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I am trying to mount an overlayfs inside an archivemount (as a follow-up to Layered or Virtual filesystem on Linux).

I am doing this:

mkdir -p {upper,work,mount}
tar zcf somefile upper/ work/ mount/
mkdir tmp
archivemount -o allow_root somefile tmp
sudo mount -t overlay -o lowerdir=/,upperdir=tmp/upper,workdir=tmp/work overlayfs tmp/mount

Note that I allow root to access the mounted archive (had to update /etc/fuse.conf for that). It fails with:

mount: tmp/mount: wrong fs type, bad option, bad superblock on overlayfs, missing codepage or helper program, or other error.

It works with the original folders. I checked and by default, archivemount is mounting in read/write by default. I also can write a file in every folder. I also checked the access rights and they seem to be correct. Root as access to mount and can write to it.

What am I doing wrong?

  • have you considered the fuse unionfs, then you don't need to be root. – ctrl-alt-delor Dec 9 '18 at 11:30
  • Yes but overlayfs comes with your kernel. That's why I prefer that solution, unless I can't find a way around that read-only issue. – Luke Skywalker Dec 9 '18 at 11:53
  • This question has changed from its original: It no-longer asks the same question. It should be rolled back, and a new question asked. – ctrl-alt-delor Dec 9 '18 at 14:50
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unionfs does a better job unionfs-fuse $(pwd)/tmp/upper:$(pwd) $(pwd)/mount. However the mount-point seems to have to be outside of the archivemount file-system.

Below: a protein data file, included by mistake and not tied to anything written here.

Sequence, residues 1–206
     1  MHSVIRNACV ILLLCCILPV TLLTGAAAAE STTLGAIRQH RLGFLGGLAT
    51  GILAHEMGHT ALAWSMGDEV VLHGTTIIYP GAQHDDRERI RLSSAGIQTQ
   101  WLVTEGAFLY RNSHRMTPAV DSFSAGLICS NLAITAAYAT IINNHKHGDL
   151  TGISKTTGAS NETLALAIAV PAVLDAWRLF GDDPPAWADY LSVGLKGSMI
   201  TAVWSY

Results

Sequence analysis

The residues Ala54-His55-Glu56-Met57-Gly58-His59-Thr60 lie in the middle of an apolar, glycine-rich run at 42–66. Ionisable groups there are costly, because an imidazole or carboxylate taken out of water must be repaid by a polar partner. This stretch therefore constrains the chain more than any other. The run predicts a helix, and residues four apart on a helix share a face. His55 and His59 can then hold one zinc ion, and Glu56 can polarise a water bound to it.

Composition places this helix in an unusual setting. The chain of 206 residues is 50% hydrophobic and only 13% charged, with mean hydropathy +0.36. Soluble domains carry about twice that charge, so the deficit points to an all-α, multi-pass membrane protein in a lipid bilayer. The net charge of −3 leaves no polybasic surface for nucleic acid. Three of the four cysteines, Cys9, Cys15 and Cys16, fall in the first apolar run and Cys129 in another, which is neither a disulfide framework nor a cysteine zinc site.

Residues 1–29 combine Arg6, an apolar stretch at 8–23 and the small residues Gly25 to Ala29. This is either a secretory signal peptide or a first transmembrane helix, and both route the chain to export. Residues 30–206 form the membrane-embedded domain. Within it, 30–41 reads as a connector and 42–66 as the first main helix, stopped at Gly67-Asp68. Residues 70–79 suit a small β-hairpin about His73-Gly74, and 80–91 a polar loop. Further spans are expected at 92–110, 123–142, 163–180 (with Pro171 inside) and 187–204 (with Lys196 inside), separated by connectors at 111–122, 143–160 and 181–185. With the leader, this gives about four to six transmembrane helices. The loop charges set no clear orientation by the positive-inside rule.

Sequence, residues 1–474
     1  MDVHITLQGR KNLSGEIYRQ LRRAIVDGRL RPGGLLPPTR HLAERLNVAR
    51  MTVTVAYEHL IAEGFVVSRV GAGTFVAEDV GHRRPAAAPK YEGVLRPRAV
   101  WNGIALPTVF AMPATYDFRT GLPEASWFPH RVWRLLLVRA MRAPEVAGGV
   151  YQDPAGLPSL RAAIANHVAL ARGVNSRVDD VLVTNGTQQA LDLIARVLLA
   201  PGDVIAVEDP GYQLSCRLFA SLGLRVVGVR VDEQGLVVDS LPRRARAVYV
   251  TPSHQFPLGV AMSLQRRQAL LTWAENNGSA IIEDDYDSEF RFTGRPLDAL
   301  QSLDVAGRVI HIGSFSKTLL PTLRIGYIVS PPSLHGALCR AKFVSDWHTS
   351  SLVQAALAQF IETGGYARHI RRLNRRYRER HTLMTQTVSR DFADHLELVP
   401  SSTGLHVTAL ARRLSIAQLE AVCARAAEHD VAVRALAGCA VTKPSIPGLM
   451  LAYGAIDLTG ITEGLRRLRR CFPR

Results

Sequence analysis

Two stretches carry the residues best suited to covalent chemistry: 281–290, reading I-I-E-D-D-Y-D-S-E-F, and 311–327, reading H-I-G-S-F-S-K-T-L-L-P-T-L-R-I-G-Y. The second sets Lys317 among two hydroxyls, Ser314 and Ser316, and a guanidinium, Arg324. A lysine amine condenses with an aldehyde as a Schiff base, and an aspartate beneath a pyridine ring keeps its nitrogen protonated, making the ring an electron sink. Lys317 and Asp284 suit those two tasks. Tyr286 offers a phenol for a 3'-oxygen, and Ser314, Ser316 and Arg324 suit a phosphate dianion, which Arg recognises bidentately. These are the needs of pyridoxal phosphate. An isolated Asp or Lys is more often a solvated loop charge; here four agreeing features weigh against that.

I see no advantage of nesting the mount-point, and has the advantage of not needing root privileges (except to install), so this may be workable.

Why

I have no idea why mount-point needs to be outside of the archivemount. If that is what the error is; I have little evidence to make a conclusion. I suspect that the mount point is the only file-access into the archivemount that is done as root, when using unionfs. Other file-access is probably done as you.

In the mount -t overlay case, where the upper-layer and work-area, can not be in the archivemount, it maybe because root has no access to this mount. Try:

archivemount somefile tmp
ls tmp/
sudo ls tmp/ #gets permission denied
  • You were right on overlayfs, I'll update the question. – Luke Skywalker Dec 9 '18 at 13:00
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So the actual problem was that, by default, archivemount does not allow root to access the mounted filesystem. You have to add the -o allow_root option for that.

Note that you will have to update /etc/fuse.conf to allow that option.

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